(And no, smart-alecks, I don't own any SUNW stock or derivatives. Err, I guess I probably do through some index fund somewhere. But you get the point; I'm not randomly text-messaging strangers that "SUNW is gng to $25+++++!!!!!111".)

Lest I get too overheated here, my favorite Linux application won't run under BrandZ, presently. The kernel-level portion of VMware hasn't been ported to Solaris. However, there's at least conceptual hope. We ship the source to vmmon along with the Linux hosted products-- we have to, because there's no such thing as a Linux kernel ABI. Back in the workstation 2.0 days, some intrepid FreeBSD folks took it upon themselves to port vmmon to FreeBSD, and were able to use FreeBSD's linux compatibility layer to run the VMware binary. Perhaps some similarly motivated OpenSolaris folks will get around to doing something similar?

Friday, December 02, 2005

Standing on the shoulders of giants.

Most folks realize that IBM, DEC, and several other old-school computer manufacturers were thoroughly exploring virtualization around the time my generation was thoroughly exploring our mothers' wombs. Working at VMware for the last six years, I've been constantly aware that much of the ground we're covering was well-worn decades ago. Still, at times, the fidelity of the echos through the generations amazes me.

I've written a lot here about VT, Intel's recently shipped CPU virtualization hardware. I'm pretty intimately familiar with VT's gory guts, as well as those of AMD's Pacifica, after spending a good chunk of my career at VMware extending our VMM to support them. (Sorry to disappoint, AMD/Intel fanboys: the two specifications are pretty much exactly the same, with different instructions and in-memory layouts, etc.)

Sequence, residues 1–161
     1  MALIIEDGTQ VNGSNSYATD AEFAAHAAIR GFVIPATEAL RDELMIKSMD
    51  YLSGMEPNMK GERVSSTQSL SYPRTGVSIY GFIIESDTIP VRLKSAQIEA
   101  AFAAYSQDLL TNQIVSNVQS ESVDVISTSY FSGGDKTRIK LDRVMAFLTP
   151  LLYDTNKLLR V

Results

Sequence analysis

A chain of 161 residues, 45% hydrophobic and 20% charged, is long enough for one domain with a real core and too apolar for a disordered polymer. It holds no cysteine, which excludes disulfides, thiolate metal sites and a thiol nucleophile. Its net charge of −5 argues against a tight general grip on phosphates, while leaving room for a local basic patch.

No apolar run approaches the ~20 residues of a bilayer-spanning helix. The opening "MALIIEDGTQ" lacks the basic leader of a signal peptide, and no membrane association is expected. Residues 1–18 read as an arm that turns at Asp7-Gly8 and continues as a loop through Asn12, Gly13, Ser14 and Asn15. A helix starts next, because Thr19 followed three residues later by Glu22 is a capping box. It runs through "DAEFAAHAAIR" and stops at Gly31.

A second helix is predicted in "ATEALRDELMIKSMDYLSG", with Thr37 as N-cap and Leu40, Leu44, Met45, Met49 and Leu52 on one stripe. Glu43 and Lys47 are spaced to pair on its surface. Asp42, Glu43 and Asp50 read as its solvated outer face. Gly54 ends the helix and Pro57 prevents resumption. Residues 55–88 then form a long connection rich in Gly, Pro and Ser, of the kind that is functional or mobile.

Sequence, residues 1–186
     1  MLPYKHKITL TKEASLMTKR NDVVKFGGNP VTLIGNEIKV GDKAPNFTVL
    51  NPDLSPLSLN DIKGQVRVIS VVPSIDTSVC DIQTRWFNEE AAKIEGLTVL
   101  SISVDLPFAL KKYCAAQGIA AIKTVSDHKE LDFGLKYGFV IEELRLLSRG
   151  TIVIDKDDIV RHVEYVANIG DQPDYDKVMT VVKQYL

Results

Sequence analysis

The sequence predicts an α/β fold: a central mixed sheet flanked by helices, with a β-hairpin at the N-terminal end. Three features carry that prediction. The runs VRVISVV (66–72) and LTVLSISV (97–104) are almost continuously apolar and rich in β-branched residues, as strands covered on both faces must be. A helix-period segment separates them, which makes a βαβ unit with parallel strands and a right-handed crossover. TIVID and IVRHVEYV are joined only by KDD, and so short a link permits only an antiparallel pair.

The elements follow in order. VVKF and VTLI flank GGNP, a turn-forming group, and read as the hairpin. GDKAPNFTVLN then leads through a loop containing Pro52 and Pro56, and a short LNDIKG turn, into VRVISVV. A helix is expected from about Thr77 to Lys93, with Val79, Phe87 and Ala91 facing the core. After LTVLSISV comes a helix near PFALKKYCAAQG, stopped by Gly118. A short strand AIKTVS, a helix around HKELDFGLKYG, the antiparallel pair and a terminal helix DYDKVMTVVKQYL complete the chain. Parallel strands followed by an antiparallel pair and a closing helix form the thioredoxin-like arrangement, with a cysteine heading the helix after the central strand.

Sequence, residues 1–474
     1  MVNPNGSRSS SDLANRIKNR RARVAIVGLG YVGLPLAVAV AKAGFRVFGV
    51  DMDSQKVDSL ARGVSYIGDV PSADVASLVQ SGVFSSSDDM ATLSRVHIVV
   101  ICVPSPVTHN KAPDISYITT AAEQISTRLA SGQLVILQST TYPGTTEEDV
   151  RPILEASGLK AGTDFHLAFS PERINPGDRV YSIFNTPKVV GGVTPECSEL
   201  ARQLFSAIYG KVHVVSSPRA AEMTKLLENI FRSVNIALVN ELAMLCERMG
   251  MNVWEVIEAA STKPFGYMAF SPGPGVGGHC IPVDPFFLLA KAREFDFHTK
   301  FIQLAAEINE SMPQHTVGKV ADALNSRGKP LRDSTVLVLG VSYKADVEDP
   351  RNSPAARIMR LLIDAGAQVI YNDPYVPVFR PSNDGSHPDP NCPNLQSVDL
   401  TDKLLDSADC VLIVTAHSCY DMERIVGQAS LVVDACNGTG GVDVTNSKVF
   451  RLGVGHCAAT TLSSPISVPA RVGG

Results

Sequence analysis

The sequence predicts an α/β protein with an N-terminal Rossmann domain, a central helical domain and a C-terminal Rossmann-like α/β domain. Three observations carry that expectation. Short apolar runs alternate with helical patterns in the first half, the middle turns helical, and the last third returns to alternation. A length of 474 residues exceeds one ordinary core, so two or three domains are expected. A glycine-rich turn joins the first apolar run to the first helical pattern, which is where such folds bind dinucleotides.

I was also faintly aware that IBM had done some work to accelerate virtualization "back in the day." But, I was utterly shocked at the familiarity of this paper (Osisek, Jackson, Gum, in IBM Systems Journal, March, 1991). It describes interpretive execution, which is IBM's name for the S/390 virtualization acceleration hardware. What's fascinating is that "interpretive execution" so closely resembles Pacifica, and in turn VT, that you can mechanically translate among them.

What VT calls "non-root mode", and Pacifica calls "guest mode", is known as "interpretive execution" (which, by the way, joins a long list of nuttily technical-sounding, yet completely non-descriptive terms that I associate with IBM; it's right up there with "translation lookaside buffer"). VT's "vmlaunch" instruction is Pacifica's "vmrun" is s/390's Germanic-flavored "sie"; Intel's "VMCS" is AMD's "VMCB" is IBM's "state description" (another hilarious IBM-ism).

The paper also provides something of a crystal ball, describing some interesting extensions that haven't made their way into the x86 vendors' hardware just yet: hardware support for a second level of address translation to support the paged MMU within the guest (which is described, albeit briefly, in the Pacifica spec), hardware SMP guest support (though this might be IBM-specific; it seems to be oriented towards implementing a semi-magical "tlb shootdown" instruction that has no analog on the x86); and I/O acceleration (though again, who knows how applicable this will be to the modern world; the described facilities seem oriented entirely towards pass-through of physical devices, and then only for a single, blessed guest on a given host, which, as Xen demonstrates, can already be implemented today). Everything old is new again...